(PhysOrg.com) -- The first issue of a new journal in the prestigious Nature series, Nature Climate Change (issue 1; April 2011) highlights how one plant species in the Antarctic appears to be taking advantage of climate change.
Bangor University scientist and the papers lead author, Dr. Paul Hill explains: We think of the Antarctic as a land of snow and ice. But, in summer on the Antarctic Peninsula, and the islands surrounding the frozen centre of the continent, the snow melts and many areas become green with mosses and two species of native flowering plant. Recently, as global temperatures have increased, and Antarctic summers have become longer and warmer, one of these flowering plants, Antarctic Hairgrass (Deschampsia antarctica), has become increasingly widespread.
A team of UK and Australian scientists led by Professor Davey Jones of Bangor Universitys School of the Environment, Natural Resources and Geography may have discovered the secret to the success of this plant. The team carried out research funded by the Natural Environment Research Council in collaboration with British Antarctic Survey at its Signy Research Station in the Southern Orkneys. Signy is an isolated island that has a well-established record of climatic warming over the last 50 years.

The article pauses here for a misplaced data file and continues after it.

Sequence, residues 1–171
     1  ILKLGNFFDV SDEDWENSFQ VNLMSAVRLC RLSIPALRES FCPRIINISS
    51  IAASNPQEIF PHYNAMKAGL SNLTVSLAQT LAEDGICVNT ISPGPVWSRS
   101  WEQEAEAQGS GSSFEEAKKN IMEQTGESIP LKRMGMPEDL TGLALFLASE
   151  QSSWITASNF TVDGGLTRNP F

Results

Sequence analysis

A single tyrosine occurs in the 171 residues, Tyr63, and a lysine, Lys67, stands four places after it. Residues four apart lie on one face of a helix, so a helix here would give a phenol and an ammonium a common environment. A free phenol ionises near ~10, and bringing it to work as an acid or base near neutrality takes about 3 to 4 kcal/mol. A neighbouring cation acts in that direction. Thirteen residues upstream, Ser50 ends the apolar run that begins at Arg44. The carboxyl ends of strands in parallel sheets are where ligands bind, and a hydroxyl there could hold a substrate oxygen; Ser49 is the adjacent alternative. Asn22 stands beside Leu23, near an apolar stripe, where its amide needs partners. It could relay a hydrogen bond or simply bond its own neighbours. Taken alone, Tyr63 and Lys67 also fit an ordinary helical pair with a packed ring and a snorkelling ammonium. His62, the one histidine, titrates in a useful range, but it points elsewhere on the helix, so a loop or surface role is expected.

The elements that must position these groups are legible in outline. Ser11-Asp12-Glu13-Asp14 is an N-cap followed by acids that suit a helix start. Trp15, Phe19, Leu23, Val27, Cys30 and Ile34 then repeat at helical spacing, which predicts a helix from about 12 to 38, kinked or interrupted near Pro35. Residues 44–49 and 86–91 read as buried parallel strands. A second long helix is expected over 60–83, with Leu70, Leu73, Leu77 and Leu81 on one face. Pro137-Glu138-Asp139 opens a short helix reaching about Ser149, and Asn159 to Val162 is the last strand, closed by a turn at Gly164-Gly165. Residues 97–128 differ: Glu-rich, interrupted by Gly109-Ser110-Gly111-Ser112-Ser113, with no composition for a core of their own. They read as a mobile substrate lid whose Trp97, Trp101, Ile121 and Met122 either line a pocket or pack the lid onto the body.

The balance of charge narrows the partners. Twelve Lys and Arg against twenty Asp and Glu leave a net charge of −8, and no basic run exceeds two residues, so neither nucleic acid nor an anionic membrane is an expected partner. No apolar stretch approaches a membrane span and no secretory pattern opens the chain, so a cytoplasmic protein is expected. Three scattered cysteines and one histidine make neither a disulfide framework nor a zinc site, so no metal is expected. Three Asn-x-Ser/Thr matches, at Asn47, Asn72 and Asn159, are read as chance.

Prof Davey Jones explains: Plants need nitrogen to grow successfully. In coastal Antarctica, most of the nitrogen is locked in organic matter in the soil, which has been slow to decompose in the cold conditions. This is now becoming more available as temperatures increase.
Professor Jones team made the discovery that Antarctic Hairgrass can use its roots to access this nitrogen much more efficiently than has previously been shown in plants. Consequently, in the struggle to find the nutrients needed to exploit the sunlight of the brief Antarctic summer, this grass has a key advantage over the mosses, with which it competes for resources. However, Professor Jones concedes that it may be some time before Antarctic bases need to invest in lawnmowers.
These findings show that some plants use nitrogen in a form that has not previously been recognised as important. Consequently, they also have significant implications for the sustainable management of agricultural and natural ecosystems in many other parts of the world. The discovery of a new cog in the terrestrial nitrogen cycle should help us to use fertilisers more efficiently and to better understand the implications of anthropogenic nitrogen pollution and ecosystem responses to climate change.
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Vascular plant success in a warming Antarctic may be due to efficient nitrogen acquisition by was published in Nature Climate Change on 29 March. doi:10.1038/NCLIMATE1060